With investment dollars at stake, the last thing that landlords may want to think about are non-paying tenants. However, the inevitable often occurs and investors are then left with the tough choice between choosing eviction or reaching an agreement. This is why it is critical for real estate investors to prepare themselves – not just financially, but legally and emotionally. From a legal perspective, it is the responsibility of landlords to know what is allowed in their state.
For example, most states will not allow them to file eviction proceedings if they have already collected partial rent – even if it is just one dollar! If the state allows them to collect partial rent and still legally file for eviction, like in North Carolina, it is advisable to collect as much as possible since they will be stuck waiting on collections to recoup any monies – a process which can be very time consuming and negatively impact their bottom line.
On the emotional side, it is helpful for investors to prepare their actions in advance, including what they intend to communicate to the tenant. Posted below is a sample letter landlords can send to their non-paying tenants. This letter is for informational purposes only and does not constitute professional legal advice. Before you send any letter, it is not recommended that you reach out to tenants an inordinate amount of times.
Don’t harass your tenants with incessant phone calls and emails on the same issue. It is commonly acceptable to document two recent late rent notices and one phone call. This will show a reasonable effort to resolve non-payment. Finally, don’t even think about locking tenants out of the unit or house or shutting off utilities before the eviction process is legally complete. Violation of this and other laws may result in the court ruling in favor of your tenant while they continue to occupy your property and not pay.
Dear Non-paying tenant,
I want to give you the benefit of the doubt regarding your lack of payment. I have gone through my records to make sure it was not a clerical error. While the lease does offer a bit of a grace period, it is additional work to review records and then bill any applicable fees. Let’s face it, that is not something you or I truly want.
You will find a late rent notice placed on or under your door. This is a kind reminder of the back due rent and applicable late fees. This letter will be received once the ‘grace period’ is over. You can see that there are some repercussions outlined if rent is not paid. I do not want to extend as far to seek legal actions since it is costly to both of us. The late rent notice is not required but more as a courtesy for my forgetful tenants. In truth, you are in breach of contract.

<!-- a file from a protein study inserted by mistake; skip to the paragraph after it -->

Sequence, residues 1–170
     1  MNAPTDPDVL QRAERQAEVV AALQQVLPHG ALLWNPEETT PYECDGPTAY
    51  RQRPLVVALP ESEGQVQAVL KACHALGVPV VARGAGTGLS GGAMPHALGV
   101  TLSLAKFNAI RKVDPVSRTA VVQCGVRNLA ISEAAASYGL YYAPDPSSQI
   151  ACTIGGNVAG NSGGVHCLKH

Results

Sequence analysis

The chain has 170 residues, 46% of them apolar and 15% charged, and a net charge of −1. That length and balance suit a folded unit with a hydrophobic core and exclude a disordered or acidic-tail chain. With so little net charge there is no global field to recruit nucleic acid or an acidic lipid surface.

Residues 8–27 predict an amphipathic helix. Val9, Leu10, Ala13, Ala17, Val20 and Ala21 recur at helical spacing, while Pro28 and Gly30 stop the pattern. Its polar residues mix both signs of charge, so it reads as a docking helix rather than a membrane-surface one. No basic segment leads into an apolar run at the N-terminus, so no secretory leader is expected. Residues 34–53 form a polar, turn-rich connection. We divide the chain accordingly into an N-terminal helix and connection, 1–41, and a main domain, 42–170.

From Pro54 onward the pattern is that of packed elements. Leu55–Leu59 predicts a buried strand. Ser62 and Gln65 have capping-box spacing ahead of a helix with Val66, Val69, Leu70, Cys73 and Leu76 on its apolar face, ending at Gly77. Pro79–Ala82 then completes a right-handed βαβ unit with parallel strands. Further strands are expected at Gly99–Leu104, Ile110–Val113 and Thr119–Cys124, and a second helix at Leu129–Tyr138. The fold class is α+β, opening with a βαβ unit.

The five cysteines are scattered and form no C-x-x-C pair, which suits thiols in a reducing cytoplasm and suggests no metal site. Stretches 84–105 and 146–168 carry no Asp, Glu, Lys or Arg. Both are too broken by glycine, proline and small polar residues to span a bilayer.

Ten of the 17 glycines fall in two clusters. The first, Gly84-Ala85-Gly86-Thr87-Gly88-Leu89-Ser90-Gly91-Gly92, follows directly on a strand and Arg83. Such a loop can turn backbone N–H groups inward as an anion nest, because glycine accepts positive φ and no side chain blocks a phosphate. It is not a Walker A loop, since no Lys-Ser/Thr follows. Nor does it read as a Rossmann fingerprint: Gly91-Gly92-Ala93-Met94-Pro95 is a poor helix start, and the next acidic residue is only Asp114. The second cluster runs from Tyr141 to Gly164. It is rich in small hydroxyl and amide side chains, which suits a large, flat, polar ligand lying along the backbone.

I am going to place a call to you as a follow up to this letter. It will be only one call to serve as the same purpose as the late rent notice; however, it is an opportunity to have a discussion and find a resolution. If there is not an agreement reached, I will send a more official letter emphasizing that if rent is not received, I will seek the legal action necessary to evict you from the property.
This step can be costly and time consuming for the both of us. I would have everything I need documented and once that process has taken place we will not receive any payment or reach a separate agreement. Anyone on the lease, like a cosigner, will also be named in the legal suit. I know this may seem tough; however, I act quickly and consistently with non-paying tenants. It does come at a cost to me, but I cannot continue to have inconsistent payment especially when you consider that the grace period is not required and we can start the eviction process after one late day.
I hope you can see that I would rather reach an agreement with you over your late rent since the steps involved can cause some heartburn for the both of us. If we do reach an agreement it will be documented and signed; however, it would only be applicable to bring this one month current. If behaviors continue, the steps outlined above will proceed.
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